Article

Driving Tips to Protect Light-Duty Fleets This Winter

January 2012, TruckingInfo.com - Feature

by Ed Iannuzzi, Automotive Resources International

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As we settle into the new year, winter 2012 is just beginning to flex its muscles.
The cold weather, morning frost, slick roads and snow have arrived and aren't showing any signs of stopping.

According to the Federal Highway Administration, approximately 40% of crashes each year are directly related to snow, sleet, ice or other winter weather. The good news is that fleet managers don't have to spend this winter holding their breath, hoping accidents don't happen. It's possible to reduce that stress and anxiety and ensure a safe and cost-effective winter season.

Here are some tips to pass along to drivers to help them navigate the slippery roads this winter.

1. Leave enough time to safely reach your destination, and plan your route ahead of time. If possible, avoid hills, bridges and congested areas.

2. Completely remove snow and ice from all windows, mirrors, lights, turn signals and license plates.

3. Remove snow and ice from your shoes before entering your vehicle. Melting snow and ice can create moisture buildup and cause your windows to fog. Reduce fogging by turning off your air recirculation and running your air conditioner briefly, which will act as a dehumidifier.

4. As always, buckle up.

5. Use your headlights to increase visibility to other vehicles.

6. Accelerate, brake and steer in a smooth and gradual manner. Avoid quick starts and stops and fast turns.

7. Remember that four-wheel-drive vehicles cannot necessarily turn or stop any better than two-wheel-drive vehicles.

8. Slow down! Posted speed limits are based on ideal road conditions.

9. Use low gears to keep traction, especially on hills.

10. DO NOT use cruise control.

11. Leave extra distance between your vehicle and the one in front of you. You should allow at least three times more space than usual.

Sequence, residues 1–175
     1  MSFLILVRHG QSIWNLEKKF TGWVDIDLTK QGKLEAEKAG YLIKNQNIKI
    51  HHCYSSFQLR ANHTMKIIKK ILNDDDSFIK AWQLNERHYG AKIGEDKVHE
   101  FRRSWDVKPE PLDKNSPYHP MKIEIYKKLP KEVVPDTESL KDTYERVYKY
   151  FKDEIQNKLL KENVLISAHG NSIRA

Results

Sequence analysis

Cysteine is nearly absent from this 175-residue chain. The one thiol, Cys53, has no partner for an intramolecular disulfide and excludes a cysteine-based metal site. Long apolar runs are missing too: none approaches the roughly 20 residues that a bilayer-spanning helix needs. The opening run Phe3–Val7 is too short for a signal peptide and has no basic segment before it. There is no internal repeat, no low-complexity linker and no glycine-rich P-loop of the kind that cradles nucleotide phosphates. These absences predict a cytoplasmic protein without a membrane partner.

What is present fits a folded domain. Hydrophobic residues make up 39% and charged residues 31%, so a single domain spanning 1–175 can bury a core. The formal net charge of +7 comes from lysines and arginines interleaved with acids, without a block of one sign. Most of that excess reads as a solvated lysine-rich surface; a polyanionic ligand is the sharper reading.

12. If your vehicle begins to skid, steer in the direction of the slide and slowly remove your foot from the accelerator.

13. If you get stuck in the snow, do not spin your wheels. This will only dig you in deeper. Turn your wheels from side to side a few times to push snow out of the way. Lightly touch the accelerator and ease your vehicle out. You can also pour sand, kitty litter, gravel or salt in the wheel path to provide additional traction. You can also try "rocking" your vehicle, shifting from forward to reverse and back again. Each time you are in gear, apply a light touch to the accelerator. Be sure to consult your owner's manual before "rocking" your vehicle, as it can damage the transmission on some vehicles.

Reviewing the basics of winter safety with drivers can be the difference between success and tragedy this winter. Don't let your drivers get behind the wheel without a friendly reminder. Here's to a happy, healthy 2012.

Ed Iannuzzi from ARI works closely with clients on proactive accident management techniques, such as interactive, realistic driving simulations, trainings and education. ARI is a global fleet services provider specializing in complex car and truck fleets.

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